Feb. 11th, 2017

drplacebo: (Neuro notes)
It's Forgotten Masterpiece Friday!

While obscure today, the Danish composer Asger Hamerik (1843-1923) was highly influential in the development of American music. For most of his career, he was director of the Peabody Institute (he was Peabody's second-ever director), and virtually all of his orchestral music was composed for the Peabody Institute orchestra during his time in Baltimore, including all seven of his symphonies. Before leaving Europe for America, he was the protégé of Hector Berlioz, and Berlioz's influence shows in Hamerik's use of Berlioz's idée fixe technique and the descriptive French subtitles of his symphonies.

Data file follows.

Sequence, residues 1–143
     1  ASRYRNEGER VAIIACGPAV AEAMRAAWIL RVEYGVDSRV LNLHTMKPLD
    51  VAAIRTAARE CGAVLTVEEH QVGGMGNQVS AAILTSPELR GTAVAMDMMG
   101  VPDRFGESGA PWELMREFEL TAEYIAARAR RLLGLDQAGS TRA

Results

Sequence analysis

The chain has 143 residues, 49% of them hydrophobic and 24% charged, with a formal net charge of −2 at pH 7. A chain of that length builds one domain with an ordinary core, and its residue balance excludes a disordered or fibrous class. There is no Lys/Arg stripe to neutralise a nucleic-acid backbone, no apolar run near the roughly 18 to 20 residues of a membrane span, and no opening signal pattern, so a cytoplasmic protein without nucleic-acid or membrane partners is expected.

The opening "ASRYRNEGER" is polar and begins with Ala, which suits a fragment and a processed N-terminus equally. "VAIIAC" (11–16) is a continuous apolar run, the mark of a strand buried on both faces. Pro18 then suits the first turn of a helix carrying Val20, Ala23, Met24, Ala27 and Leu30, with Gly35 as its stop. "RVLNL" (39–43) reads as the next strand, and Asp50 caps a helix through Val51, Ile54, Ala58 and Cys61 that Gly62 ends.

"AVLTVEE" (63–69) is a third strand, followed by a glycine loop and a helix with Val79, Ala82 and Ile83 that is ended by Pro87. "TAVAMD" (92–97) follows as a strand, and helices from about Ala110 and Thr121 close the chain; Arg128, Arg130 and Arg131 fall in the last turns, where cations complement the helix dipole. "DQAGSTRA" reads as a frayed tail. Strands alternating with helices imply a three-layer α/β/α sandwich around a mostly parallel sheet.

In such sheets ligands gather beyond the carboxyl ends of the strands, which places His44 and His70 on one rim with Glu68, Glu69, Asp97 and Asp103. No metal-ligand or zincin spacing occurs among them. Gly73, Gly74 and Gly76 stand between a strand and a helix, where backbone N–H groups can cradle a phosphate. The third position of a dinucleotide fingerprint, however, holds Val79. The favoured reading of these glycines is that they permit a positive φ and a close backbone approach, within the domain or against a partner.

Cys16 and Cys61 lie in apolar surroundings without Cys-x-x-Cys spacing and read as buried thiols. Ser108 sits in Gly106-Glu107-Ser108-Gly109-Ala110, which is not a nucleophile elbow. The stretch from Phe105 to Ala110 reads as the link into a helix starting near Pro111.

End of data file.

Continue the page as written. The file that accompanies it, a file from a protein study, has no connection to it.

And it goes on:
This week's piece is Hamerik's second symphony, composed in 1882-83. Subtitled Symphonie Tragique, it loosely follows the structure of Beethoven's Fifth Symphony, arcing from a mournful C minor into a triumphant C major coda. Unlike Beethoven, though, Hamerik builds the symphony around a single recurring theme or idée fixe, first heard as an oboe solo in the slow introduction to the first movement (2:11 of video). It returns most dramatically in the transition into the C major coda (40:50 of video), heard first in the low brass and passed around the orchestra in a slightly modified form.

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Andrew

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